This is a simple question but the answer may not be as simple.
The instructions for W-4 state "If you want tax withheld for other income you expect this year that won’t have withholding, enter the amount of other income here. This may include interest, dividends, and retirement income." My interpretation of this is that it's not mandatory to include Social Security income in Step 4; so no one's going to be arrested for not doing so! (On the other hand people have been arrested/indicted for claiming too many exemptions in order to grossly reduce their tax withheld.)
I recall reading in an IRS document that our income taxes are intended to be a "pay as you go" system, where taxes are paid on income as it comes in, and then all accounting is reconciled when we do our tax returns. "Paying as we go" includes payroll withholding, quarterly estimated payments, and withholding on Social Security, pensions, etc. As a consequence there can be a financial penalty if the total tax paid through the year does not meet some "safe harbor" provision, which if I recall correctly is something like 90% of current year tax or 100% of the previous year's tax. So there is incentive to get the W-4 accurate and also to pay estimated taxes if needed.
Social Security is not taxed up to some level of income. Then tax kicks in and the % of SS that is taxed increases (from 0%) up to 85%. The maximum portion of the SS benefit that is subject to federal income tax is 85% (since we and our employer paid income tax on the other 15% during our working years). So one needs to be careful with putting Social Security benefits on the W-4 as additional income, if you enter your entire benefit then you may have too much withheld from your paycheck. And don't let the taxman double-dip by including this on your W-4 as well as having the SSA withhold tax.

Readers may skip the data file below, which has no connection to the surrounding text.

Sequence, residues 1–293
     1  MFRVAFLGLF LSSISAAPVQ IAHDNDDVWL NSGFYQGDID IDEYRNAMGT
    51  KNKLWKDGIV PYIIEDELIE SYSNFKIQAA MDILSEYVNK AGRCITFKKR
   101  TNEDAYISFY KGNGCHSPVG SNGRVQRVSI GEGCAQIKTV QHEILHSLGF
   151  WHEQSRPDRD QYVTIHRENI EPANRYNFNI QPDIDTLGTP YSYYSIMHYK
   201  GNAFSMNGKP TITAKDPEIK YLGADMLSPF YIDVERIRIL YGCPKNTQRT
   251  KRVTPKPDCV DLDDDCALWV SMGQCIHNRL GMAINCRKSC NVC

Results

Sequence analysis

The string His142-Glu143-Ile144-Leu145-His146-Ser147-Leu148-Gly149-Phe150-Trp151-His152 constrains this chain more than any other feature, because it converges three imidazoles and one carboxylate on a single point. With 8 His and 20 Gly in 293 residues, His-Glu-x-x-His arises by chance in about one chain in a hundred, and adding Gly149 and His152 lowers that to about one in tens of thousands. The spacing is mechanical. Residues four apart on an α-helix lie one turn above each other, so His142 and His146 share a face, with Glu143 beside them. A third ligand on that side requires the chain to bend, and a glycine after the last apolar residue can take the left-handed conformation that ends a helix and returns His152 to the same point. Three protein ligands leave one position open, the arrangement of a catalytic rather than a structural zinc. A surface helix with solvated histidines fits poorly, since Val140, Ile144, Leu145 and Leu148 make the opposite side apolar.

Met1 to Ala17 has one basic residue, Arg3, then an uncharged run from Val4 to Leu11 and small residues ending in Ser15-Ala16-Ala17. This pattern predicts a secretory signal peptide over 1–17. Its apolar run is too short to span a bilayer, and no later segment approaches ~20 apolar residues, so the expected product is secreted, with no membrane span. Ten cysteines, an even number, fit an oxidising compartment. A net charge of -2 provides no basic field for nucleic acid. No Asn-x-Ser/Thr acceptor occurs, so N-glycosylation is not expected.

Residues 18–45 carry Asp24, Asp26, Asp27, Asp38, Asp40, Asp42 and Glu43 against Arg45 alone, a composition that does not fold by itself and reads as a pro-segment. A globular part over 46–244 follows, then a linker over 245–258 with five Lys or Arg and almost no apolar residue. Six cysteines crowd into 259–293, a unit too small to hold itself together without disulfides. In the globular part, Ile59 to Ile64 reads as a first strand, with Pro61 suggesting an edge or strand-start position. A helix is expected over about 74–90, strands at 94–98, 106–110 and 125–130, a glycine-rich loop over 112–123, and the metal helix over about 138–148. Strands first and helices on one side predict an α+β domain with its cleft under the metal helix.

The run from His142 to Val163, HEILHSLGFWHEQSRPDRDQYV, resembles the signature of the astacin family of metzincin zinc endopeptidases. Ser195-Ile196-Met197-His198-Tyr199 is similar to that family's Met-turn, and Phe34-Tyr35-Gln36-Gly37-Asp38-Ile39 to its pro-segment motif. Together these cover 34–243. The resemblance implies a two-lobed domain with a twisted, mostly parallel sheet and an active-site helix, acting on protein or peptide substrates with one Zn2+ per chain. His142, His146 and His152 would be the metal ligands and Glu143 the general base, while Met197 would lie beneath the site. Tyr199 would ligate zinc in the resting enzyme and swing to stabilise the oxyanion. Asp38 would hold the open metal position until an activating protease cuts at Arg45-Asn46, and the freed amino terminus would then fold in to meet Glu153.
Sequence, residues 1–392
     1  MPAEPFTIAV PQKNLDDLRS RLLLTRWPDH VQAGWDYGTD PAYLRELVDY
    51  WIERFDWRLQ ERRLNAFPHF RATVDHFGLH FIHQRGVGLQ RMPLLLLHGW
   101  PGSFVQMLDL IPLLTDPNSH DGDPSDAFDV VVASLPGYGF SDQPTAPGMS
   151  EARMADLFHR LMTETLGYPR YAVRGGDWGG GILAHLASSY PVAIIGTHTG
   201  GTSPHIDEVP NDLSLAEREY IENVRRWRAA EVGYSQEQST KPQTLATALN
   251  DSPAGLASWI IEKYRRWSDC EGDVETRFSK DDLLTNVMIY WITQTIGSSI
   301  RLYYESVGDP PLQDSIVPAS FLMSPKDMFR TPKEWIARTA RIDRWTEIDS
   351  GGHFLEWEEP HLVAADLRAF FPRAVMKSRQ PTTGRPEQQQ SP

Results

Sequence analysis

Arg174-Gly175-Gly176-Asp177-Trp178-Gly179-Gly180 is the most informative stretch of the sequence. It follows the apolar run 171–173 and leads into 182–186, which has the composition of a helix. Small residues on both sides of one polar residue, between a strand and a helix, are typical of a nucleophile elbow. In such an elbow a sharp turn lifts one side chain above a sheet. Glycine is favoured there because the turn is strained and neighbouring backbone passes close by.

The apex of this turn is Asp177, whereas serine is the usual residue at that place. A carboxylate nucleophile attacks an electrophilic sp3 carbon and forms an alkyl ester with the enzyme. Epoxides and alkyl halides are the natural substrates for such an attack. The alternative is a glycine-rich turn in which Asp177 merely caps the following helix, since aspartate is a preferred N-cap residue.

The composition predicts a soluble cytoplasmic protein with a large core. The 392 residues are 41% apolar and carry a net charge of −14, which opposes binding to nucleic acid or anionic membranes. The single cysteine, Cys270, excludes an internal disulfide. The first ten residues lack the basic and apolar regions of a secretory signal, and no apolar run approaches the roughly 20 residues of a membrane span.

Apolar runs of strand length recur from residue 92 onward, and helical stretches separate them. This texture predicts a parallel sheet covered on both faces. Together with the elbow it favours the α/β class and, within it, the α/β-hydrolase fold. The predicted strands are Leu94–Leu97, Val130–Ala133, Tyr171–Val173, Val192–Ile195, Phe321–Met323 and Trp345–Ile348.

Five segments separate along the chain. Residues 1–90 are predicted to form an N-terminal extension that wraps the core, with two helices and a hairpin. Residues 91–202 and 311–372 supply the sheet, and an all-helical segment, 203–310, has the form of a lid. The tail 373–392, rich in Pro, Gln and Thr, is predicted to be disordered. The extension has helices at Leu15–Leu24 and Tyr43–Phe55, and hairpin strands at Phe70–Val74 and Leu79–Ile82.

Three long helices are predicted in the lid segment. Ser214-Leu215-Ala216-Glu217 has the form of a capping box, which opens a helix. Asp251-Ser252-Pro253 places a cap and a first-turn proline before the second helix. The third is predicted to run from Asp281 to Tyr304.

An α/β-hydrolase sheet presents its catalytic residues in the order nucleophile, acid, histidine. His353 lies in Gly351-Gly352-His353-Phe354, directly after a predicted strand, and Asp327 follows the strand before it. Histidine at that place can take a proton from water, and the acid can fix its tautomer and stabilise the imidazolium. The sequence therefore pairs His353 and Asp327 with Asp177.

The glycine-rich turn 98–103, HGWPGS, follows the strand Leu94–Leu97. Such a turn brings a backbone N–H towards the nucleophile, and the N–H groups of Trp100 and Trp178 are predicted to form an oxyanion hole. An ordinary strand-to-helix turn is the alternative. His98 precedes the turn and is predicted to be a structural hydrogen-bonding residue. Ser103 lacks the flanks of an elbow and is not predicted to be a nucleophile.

There are many "withholding calculators" on the internet and I'm sure that some must account for Social Security income. I found one that the IRS provides at https://apps.irs.gov/app/tax-withholding-estimator . I didn't say this one was simple, it's pretty involved but shows what is necessary for trying to work through the problem of determining tax withholding. Really what one is doing is preparing their taxes for the next April 15 so they have sufficient tax withheld to cover their total tax bill...but without having had too much cash withheld.
TurboTax and Quicken have similar withholding calculators. Maybe even AARP does.
adding: safe harbor rules from https://www.irs.gov/businesses/small-businesses-self-employed/estimated-taxes
Generally, most taxpayers will avoid this penalty if they owe less than $1,000 in tax after subtracting their withholdings and credits, or if they paid at least 90% of the tax for the current year, or 100% of the tax shown on the return for the prior year, whichever is smaller
also: another W-4 calculator, from TurboTax, very similar to the IRS's https://turbotax.intuit.com/tax-tools/calculators/w4/